He also began conducting educational seminars. “I went to the local real estate school and took a class on the use and applications of the HP 12C financial calculator,” he said. “Then I developed a simple training session for real estate offices. I taught agents how to calculate payments and amortization schedules. This basic program helped me gain access to other real estate offices. I also got their respect as a financial advisor.”

When he joined National City Mortgage as a producing manager in 1998, Hicks had access to a number of other marketing tools, including “Agent Update,” a newsletter he sends to his list of 30 key agents. “This is yet another way to maintain a presence in their offices,” he noted.

In addition, Hicks began to cultivate other affinity groups, including CPAs, financial planners, and attorneys. “For instance, I made an effort to develop a solid referral relationship with major accounting and financial services firms. I finally found one that would be willing to communicate the importance of being an advisor to their clients. I suggested that during their annual client evaluations they should ask a series of mortgage-related questions.” As a result, Hicks is now working with American Express’ Phoenix office “I had the opportunity to coach their group regarding mortgage rates and related areas and it sometimes seems as if they’re working for me. During the last 10 years, 30 percent of my business has come from AE referrals.”

Of course, Hicks doesn’t neglect his loyal customer base. His pre-closing activity includes an introduction letter, approval letter, loan-in-process postcard, copy of appraisal e-mailed, fax of final approval, and HUD-1 Settlement Statement. “This proactive approach helps limit the number of calls we receive during the transaction. We prefer to receive no more than two calls from customers; once when they call to inquire about a loan and then again when they thank us when the loan has closed.”
Hicks emphasized that real estate agents see the ongoing communications as a value-added benefit for them as well. “Rather than bringing agents cookies or bagels, we’re providing something of value that benefits their customers.”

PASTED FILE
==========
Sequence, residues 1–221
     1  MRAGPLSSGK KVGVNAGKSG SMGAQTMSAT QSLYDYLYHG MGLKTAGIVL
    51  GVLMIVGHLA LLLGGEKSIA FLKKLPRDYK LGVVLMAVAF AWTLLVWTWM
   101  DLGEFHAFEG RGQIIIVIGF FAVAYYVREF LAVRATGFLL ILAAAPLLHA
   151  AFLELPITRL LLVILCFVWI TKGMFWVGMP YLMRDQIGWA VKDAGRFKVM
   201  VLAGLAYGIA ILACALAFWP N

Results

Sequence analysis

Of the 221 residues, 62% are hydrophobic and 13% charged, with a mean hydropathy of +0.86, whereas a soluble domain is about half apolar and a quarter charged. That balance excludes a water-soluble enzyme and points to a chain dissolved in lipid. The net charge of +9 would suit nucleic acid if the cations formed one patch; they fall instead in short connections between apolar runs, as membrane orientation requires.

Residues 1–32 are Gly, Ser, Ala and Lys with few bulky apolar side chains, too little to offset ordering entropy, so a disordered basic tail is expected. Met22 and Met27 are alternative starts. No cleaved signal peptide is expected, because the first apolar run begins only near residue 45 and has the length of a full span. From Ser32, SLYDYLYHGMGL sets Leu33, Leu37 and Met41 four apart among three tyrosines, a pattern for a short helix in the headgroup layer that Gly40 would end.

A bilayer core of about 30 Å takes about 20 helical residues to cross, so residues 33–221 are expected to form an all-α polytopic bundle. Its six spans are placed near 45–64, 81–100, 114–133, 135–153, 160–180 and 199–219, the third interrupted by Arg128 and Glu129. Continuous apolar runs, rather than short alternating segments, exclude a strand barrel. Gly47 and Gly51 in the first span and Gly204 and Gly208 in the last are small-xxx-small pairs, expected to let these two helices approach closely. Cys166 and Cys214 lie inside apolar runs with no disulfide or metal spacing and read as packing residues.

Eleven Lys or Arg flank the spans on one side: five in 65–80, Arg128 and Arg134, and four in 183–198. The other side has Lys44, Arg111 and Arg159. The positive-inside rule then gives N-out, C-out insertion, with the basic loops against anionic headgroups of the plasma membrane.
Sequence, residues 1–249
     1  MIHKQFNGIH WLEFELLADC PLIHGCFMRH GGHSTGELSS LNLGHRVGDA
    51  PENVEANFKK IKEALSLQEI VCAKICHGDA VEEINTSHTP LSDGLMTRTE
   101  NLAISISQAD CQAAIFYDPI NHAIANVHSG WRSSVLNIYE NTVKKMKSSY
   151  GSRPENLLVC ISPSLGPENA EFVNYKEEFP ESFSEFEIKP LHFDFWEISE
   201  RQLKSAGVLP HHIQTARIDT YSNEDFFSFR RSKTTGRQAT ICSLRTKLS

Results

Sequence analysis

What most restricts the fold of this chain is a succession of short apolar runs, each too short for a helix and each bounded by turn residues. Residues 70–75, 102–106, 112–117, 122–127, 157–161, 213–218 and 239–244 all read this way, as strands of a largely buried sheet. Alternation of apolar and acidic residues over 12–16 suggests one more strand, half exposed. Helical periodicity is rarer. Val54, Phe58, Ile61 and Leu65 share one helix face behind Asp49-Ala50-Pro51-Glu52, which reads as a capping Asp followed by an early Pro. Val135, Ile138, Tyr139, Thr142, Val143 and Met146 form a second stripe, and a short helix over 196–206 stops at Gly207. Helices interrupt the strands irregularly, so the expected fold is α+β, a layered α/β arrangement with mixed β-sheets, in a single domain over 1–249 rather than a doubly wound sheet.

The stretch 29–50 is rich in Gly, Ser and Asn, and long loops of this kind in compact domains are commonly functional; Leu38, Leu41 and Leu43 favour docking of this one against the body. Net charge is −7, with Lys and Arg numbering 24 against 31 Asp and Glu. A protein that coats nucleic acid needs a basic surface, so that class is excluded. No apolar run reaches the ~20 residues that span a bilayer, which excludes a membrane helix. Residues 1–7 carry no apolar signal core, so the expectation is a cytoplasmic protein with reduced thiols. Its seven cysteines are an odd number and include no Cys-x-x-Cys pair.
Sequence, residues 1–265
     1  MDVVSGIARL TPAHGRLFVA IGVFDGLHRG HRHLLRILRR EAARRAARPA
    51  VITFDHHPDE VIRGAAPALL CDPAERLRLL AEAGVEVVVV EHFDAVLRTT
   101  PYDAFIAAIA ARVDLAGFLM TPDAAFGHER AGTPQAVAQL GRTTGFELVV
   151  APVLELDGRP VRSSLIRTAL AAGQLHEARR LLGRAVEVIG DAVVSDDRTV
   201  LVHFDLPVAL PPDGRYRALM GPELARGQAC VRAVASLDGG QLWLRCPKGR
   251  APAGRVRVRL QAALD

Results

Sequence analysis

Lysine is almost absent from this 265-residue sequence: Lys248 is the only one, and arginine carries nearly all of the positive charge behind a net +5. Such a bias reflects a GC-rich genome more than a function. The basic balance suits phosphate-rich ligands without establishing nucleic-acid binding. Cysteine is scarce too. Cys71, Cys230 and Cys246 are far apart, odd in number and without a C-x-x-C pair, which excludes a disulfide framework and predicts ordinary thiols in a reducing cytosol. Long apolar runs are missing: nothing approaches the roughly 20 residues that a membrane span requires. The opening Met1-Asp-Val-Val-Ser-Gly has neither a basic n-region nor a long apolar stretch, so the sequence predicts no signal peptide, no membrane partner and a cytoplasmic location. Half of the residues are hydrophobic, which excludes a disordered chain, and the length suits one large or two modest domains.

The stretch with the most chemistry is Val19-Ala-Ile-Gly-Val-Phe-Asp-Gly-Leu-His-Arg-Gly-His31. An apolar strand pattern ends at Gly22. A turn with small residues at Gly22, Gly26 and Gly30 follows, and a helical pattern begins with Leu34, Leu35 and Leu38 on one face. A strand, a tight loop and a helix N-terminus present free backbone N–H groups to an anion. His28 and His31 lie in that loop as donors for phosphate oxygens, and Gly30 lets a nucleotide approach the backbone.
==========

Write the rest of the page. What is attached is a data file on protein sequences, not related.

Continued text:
In addition, Hicks’ “customer for life” campaign features 18 different steps during the five years after closing, including:

  • Thank-you package, which includes a restaurant or spa gift certificate (30 days after closing)
  • Customer satisfaction survey (60 days)
  • Greeting card with customer response card (5th and 11th month)
  • Postcard (17th month)
  • Thanksgiving card (second year)
  • July 4th postcard (third year)
  • Quarterly newsletters

Hicks also distributes a special series of popular postcards, which he considers to be his most effective marketing. He selects a specific loan program that will generate interest from a specific borrower group. The front of the card features a photo of a well-known Scottsdale golf course; the back summarizes the designated loan program and includes a photo of Hicks and his contact information. “The postcards are aimed at helping customers realize a major benefit in their existing or new mortgage,” he said.
He usually sends about 500 of each card and averages a 10 percent return rate. “For example, if we send 400 cards, we usually end up closing about 40 of the borrowers during the next six months,” he said.

Hicks also developed a customer call campaign, whereby he personally calls five past customers each week. “I’m usually calling to advise them of something specific, such as their HUD-1 or appraisal. However, I’ll even call to ask their advice on a marketing piece that we’re developing. I’m not only getting some good feedback, but also helping to build tremendous client loyalty.”

Hicks has advertised in several publications, including local community newsletters. However, he prefers to place ads where they can help contribute to a greater cause. For instance, he is involved in a charity called ECHO, which helps raise funds for the Scottsdale school district. As part of his volunteer commitment, he advertises in the school directory. “The main reason I do this is to highlight the need for school funding,” he said. “Of course, it can’t help but give me some additional visibility. I’ve had people fax a copy of the school directory ad with a note asking me to handle their loan.”